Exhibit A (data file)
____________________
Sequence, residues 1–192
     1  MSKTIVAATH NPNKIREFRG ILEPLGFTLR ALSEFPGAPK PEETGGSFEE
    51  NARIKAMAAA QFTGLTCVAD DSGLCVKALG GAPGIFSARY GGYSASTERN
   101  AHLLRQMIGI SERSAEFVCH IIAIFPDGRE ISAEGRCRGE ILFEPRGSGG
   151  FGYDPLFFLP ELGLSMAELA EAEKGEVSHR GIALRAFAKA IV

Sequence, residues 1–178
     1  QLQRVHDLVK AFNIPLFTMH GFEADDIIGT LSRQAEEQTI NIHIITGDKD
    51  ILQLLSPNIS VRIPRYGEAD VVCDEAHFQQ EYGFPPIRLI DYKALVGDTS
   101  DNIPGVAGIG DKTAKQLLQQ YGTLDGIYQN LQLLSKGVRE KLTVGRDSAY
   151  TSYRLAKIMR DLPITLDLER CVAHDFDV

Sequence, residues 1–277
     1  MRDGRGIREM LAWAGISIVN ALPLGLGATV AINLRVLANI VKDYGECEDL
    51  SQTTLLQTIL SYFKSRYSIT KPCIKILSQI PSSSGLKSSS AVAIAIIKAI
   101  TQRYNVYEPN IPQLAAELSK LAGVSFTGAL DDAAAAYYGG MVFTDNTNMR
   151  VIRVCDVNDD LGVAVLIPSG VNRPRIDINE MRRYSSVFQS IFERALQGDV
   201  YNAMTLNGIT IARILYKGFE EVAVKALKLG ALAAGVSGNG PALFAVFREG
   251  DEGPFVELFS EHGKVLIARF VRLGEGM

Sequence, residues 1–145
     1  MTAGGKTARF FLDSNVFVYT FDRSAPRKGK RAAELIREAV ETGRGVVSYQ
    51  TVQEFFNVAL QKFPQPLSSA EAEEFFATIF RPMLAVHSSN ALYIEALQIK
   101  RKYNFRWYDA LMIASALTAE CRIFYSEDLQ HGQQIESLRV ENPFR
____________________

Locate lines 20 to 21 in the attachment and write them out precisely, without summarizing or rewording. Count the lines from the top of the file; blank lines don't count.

    51  TVQEFFNVAL QKFPQPLSSA EAEEFFATIF RPMLAVHSSN ALYIEALQIK
   101  RKYNFRWYDA LMIASALTAE CRIFYSEDLQ HGQQIESLRV ENPFR